Psychometrics can play a pivotal role in broad-based talent development. Consider this example – A recent report by Willis Towers Watson on ‘Reimagining Employee Engagement in India’, notes that “Companies are increasingly interested in identifying the fit between an employee’s personality, and the culture and values of the company. If we can reasonably assume that the greater such a fit, the more likely one is to be engaged, we have an extremely powerful factor to add to our selection criteria. Imagine how valuable it would be to hire only those employees likely to be engaged at a company, given its unique culture and/or the ideal culture it is trying to build to help execute its strategic goals. ” In such cases psychometrics become a valuable assets with HR professionals to plug employees into roles which suit them more comfortably. By having multi-dimensional assessment parameters, psychometric assessment becomes a vital tool for HR professionals.
Psychometrics can add a quantitative layer to a lot of decisions that are taken on instinct, making them more efficient. Another advantage of psychometrics is that they allow for benchmarking a candidate’s ability against a talent pool.
Low adoption in Indian markets
The adoption of psychometrics, despite all the tabled advantages, is still considerably low within Indian markets. As highlighted above in the article a major reason for the same is the unavailability of tools other than personality psychometrics. Other major reasons for not utilizing psychometrics are because they come with a high cost and the reliability of the tools available is also a question mark.
But keeping the potential of psychometric assessments in mind, a holistic use of such assessments and deploying a mixture of various assessments that can build upon the insights that a psychometric assessment provides can help organizations understand talent preferences and their behaviors and enable them to perform at their optimum levels. Giving examples of a holistic usage of psychometric assessments along with other assessment tools, Shatrunjay Krishna, Director – Rewards, Talent and Communication at Willis Towers Watson, says, “In most cases, depending on the stakes involved, it should be complemented with assessment tools like competency based interviewing, business games, situation judgment test etc. In a situation involving a large number of candidates, psychometrics can be used for screening. For high potential identification and / or development it can be used along with manager’s feedback.”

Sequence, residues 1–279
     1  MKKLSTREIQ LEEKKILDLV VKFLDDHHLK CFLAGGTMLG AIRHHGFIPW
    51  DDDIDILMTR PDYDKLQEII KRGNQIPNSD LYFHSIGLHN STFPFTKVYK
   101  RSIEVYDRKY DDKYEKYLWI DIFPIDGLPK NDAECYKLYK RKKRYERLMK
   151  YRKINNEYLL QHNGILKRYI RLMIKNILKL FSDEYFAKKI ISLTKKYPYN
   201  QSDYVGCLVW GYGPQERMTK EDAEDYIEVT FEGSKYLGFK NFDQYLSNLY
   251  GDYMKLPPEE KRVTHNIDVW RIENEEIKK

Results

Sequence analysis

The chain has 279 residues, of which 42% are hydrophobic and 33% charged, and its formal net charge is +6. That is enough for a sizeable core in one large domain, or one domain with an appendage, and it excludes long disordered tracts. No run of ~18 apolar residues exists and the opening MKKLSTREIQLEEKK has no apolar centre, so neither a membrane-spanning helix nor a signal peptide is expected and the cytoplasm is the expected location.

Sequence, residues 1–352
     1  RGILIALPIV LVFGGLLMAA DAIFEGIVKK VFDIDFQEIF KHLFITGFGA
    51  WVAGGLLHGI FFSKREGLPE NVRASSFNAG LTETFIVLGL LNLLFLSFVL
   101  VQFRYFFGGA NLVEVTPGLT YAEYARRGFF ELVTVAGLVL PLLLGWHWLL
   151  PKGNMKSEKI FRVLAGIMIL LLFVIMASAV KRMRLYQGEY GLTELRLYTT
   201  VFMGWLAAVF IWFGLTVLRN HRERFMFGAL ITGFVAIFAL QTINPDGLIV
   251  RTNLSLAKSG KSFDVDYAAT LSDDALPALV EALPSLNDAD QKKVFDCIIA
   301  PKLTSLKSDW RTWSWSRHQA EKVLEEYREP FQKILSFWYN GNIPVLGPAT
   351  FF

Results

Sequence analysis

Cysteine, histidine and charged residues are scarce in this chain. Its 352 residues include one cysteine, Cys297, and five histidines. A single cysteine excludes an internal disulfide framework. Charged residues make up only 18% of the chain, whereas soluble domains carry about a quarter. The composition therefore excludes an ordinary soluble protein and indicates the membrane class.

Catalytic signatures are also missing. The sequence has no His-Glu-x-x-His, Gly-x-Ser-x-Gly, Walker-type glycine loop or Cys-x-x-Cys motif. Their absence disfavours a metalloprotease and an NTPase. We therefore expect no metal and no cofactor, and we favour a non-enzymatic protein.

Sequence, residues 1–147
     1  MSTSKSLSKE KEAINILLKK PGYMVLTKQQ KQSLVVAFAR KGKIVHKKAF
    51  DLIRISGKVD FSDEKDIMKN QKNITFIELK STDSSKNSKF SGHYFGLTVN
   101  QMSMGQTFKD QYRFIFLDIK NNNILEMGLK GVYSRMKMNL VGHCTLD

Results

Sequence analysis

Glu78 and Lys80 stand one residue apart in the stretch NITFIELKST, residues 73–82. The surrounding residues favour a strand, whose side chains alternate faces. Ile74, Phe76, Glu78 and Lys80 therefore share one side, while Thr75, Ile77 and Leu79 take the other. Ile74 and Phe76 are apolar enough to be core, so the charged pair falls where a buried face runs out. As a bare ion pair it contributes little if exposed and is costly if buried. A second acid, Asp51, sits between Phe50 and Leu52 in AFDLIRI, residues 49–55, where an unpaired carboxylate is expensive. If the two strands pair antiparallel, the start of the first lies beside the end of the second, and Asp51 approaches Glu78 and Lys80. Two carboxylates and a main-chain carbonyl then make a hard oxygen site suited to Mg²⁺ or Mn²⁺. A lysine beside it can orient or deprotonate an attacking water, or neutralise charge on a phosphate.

What does HR need to do?
A holistic approach to psychometrics might turn out to be a cost-effective way for companies to create a high performing and engaged workforce. And for HR to drive the adoption of psychometrics across an employee life-cycle, it is important for HR to build its capability. Willis Towers Watson’s Krishna says, “Psychometrics need understanding of three factors – human behaviors, personality and behavior interaction in given context (role, organization etc.) and assessment fundamentals – validity & reliability.” HR professionals involved in this areas need to be inquisitive about all these to be able to design the appropriate assessment framework, he adds. It is important to have a holistic understanding of the talent cycle requirements. For example, assessment requirements at the time of hiring are very different from assessment requirements for development needs analysis or high-potential identification. By understanding the advantages that different assessments provide, HR professionals can map talent demands in a better manner.
i. The State of Psychometric Assessments in India, Willis Towers Watson
ii. Reimagining Employee Engagement, Willis Towers Watson